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  1. Unintentional intentionality: art and design in the age of artificial intelligence.Kostas Terzidis, Filippo Fabrocini & Hyejin Lee - forthcoming - AI and Society:1-10.
    This paper presents an emerging aspect of intentionality through recent Artificial Intelligence developments in art and design. Our main thesis is that, if we focus just on the outcome of the artistic process, the intentionality of the artist does not have any relevance. Intention is measured as a result of actions regardless of whether they are human-based or not as long as there is an esthetical value intersubjectively acknowledged. In other words, what matters is the ‘intentio’ embedded in the work (...)
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  • AI Ethics and the Banality of Evil.Payman Tajalli - 2021 - Ethics and Information Technology 23 (3):447-454.
    In this paper, I draw on Hannah Arendt’s notion of ‘banality of evil’ to argue that as long as AI systems are designed to follow codes of ethics or particular normative ethical theories chosen by us and programmed in them, they are Eichmanns destined to commit evil. Since intelligence alone is not sufficient for ethical decision making, rather than strive to program AI to determine the right ethical decision based on some ethical theory or criteria, AI should be concerned with (...)
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  • Microdecisions and Autonomy in Self-Driving Cars: Virtual Probabilities.Florian Sprenger - 2022 - AI and Society 37 (2):619-634.
    To operate in an unpredictable environment, a vehicle with advanced driving assistance systems, such as a robot or a drone, not only needs to register its surroundings but also to combine data from different sensors into a world model, for which it employs filter algorithms. Such world models, as this article argues with reference to the SLAM problem in robotics, consist of nothing other than probabilities about states and events arising in the environment. The model, thus, contains a virtuality of (...)
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  • Artificial Intelligence in Cyber Physical Systems.Petar Radanliev, David De Roure, Max Van Kleek, Omar Santos & Uchenna Ani - forthcoming - AI and Society:1-14.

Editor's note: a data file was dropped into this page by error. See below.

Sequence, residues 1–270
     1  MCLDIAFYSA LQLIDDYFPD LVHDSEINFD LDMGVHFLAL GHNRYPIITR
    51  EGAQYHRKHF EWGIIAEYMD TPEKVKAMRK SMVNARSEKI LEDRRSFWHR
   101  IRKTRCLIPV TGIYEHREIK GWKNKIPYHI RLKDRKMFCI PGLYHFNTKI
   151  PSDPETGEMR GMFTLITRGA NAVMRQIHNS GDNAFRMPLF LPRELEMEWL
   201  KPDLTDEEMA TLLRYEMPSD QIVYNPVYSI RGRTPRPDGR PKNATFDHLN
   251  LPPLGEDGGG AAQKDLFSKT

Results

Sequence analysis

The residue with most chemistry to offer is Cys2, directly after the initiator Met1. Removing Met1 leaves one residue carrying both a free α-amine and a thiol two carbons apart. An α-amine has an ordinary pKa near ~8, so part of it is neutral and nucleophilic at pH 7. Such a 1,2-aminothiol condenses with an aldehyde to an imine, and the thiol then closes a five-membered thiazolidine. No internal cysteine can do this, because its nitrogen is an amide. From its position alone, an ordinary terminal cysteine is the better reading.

This article conducts a literature review of current and future challenges in the use of artificial intelligence in cyber physical systems. The literature review is focused on identifying a conceptual framework for increasing resilience with AI through automation supporting both, a technical and human level. The methodology applied resembled a literature review and taxonomic analysis of complex internet of things interconnected and coupled cyber physical systems. There is an increased attention on propositions on models, infrastructures and frameworks of IoT in (...)
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  • Beyond Human: Deep Learning, Explainability and Representation.M. Beatrice Fazi - forthcoming - Theory, Culture and Society:026327642096638.
    This article addresses computational procedures that are no longer constrained by human modes of representation and considers how these procedures could be philosophically understood in terms of ‘algorithmic thought’. Research in deep learning is its case study. This artificial intelligence technique operates in computational ways that are often opaque. Such a black-box character demands rethinking the abstractive operations of deep learning. The article does so by entering debates about explainability in AI and assessing how technoscience and technoculture tackle the possibility (...)
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  • Do submarines swim? Methodological dualism and anthropomorphizing AlphaGo.Vincent J. Carchidi - forthcoming - AI and Society:1-13.
    The victories of the Go-playing artificial intelligence “AlphaGo” against professional player Lee Sedol in 2016 had a profound impact on public and academic perceptions of AI. This event shocked observers, as the ability of a machine to defeat a world champion human in a highly complex game seemed to indicate that a machine had achieved human-like—or more than human—intelligence. But why was AlphaGo so readily anthropomorphized by academic and non-academic audiences alike? Drawing from existing analyses of reactions to and arguments (...)
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